Two rangers from the Building Resilience in the Treaty Villages (BRTV) program in Papua New Guinea’s southern coastal villages have travelled to Australia to share and gain knowledge at a forum for indigenous rangers.
The Indigenous Rangers Forum, held in Burketown over 4-6 September, brought together representatives of 72 indigenous ranger groups from all over northern Australia.
The PNG Community Rangers Senia Paho, from Mabuaduan Village, and Elda David, from Kadawa Village, were selected out of the current cohort of 110 PNG Community Rangers to attend the forum, and were a standout as they were the only ranger representatives aside from the hosts to present to the entire body.
They benefited from a wide range of experience being shared at the forum, including the methodologies of Australian indigenous rangers, small business enterprise including fee-for-service models, service-to-community principles and governance structure protocols.
Dave Rutherford at INLOC, which provides training services for the BRTV program, said the event was a major success, and that PNG rangers were swamped with offers of support from their Australian counterparts.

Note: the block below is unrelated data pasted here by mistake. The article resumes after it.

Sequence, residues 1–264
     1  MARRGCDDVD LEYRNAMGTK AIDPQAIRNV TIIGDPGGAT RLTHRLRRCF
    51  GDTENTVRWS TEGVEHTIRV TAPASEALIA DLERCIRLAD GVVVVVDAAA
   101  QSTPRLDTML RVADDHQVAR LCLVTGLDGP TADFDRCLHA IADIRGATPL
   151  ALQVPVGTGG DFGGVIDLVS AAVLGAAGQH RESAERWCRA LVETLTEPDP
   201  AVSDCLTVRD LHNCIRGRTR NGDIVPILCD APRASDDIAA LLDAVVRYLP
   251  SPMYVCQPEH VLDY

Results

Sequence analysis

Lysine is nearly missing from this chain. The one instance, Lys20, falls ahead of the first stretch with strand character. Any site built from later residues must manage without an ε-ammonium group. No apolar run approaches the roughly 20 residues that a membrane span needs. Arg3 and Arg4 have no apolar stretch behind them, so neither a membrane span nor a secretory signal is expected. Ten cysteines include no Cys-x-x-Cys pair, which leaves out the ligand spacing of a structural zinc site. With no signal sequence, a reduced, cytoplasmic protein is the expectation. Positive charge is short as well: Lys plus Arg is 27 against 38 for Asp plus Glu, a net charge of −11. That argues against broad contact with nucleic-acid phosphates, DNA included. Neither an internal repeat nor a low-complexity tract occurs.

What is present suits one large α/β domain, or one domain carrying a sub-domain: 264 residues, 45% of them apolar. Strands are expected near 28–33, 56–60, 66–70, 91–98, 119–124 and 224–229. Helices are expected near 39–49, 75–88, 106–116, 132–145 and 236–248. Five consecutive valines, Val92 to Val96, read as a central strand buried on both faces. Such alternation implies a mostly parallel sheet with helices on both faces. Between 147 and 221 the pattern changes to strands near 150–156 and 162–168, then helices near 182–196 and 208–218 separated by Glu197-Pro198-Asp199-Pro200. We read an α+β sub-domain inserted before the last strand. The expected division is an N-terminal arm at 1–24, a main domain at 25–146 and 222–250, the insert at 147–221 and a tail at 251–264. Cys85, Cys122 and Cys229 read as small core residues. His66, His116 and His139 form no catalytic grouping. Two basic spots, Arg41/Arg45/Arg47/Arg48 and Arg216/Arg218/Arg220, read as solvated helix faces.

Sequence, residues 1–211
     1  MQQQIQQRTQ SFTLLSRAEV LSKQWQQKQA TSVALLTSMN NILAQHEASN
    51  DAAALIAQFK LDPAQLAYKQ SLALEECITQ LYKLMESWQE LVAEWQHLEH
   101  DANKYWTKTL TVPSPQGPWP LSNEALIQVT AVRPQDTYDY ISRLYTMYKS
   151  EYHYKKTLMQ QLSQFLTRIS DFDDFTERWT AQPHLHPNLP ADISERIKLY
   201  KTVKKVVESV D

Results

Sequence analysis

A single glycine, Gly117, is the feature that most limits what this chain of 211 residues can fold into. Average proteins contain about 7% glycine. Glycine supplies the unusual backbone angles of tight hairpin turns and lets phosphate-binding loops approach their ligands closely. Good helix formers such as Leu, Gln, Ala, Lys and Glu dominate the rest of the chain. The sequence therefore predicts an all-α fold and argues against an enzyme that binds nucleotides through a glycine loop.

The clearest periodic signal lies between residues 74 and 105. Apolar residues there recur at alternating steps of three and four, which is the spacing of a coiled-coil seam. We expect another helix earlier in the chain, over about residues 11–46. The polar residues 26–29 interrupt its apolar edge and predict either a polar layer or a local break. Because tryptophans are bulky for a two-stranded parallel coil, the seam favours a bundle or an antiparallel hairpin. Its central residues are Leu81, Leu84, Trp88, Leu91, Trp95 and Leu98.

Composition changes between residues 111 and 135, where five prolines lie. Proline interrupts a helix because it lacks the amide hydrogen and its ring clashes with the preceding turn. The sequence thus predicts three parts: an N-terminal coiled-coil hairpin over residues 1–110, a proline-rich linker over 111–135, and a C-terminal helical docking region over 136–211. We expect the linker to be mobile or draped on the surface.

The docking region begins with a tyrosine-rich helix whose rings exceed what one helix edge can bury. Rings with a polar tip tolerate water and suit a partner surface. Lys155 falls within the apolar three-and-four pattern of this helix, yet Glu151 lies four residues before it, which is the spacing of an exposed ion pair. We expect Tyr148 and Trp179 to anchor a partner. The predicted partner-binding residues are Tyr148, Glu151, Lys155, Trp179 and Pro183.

“The forum was an excellent opportunity for the Community Rangers to both learn from Australian operational models and also showcase what they had learned and developed over in PNG,” Mr Rutherford said.
“They’ll be taking this knowledge back to the Treaty Villages and putting it to good use there.”
The Building Resilience in the Treaty Villages program is an innovative aid delivery program managed by the Reef and Rainforest Research Centre, a non-profit organisation based in Cairns.
The program operates in the Treaty Villages along the south coast of PNG’s Western Province, adjacent to the northernmost islands of the Torres Strait. Residents of these communities, which suffer extreme barriers to development – including disease, drought, lack of clean water, lack of healthcare and isolation from the rest of PNG – are permitted free travel to northern parts of the Torres Strait under the 1978 Torres Strait Treaty. The Treaty Villages are key players in the dynamics on Australia’s northern borderlands.
PNG Community Rangers are selected by elders from within their communities and trained in a wide variety of vital community-building skills including water management, first aid, construction, sanitation, leadership, agriculture and even IT.
The program is funded by the Australian Aid program in PNG and is also supported by the Papua New Guinean Government.
The Indigenous Rangers forum was hosted by the Carpentaria Land Council and sponsored by the Australian Department of Agriculture and Fisheries.
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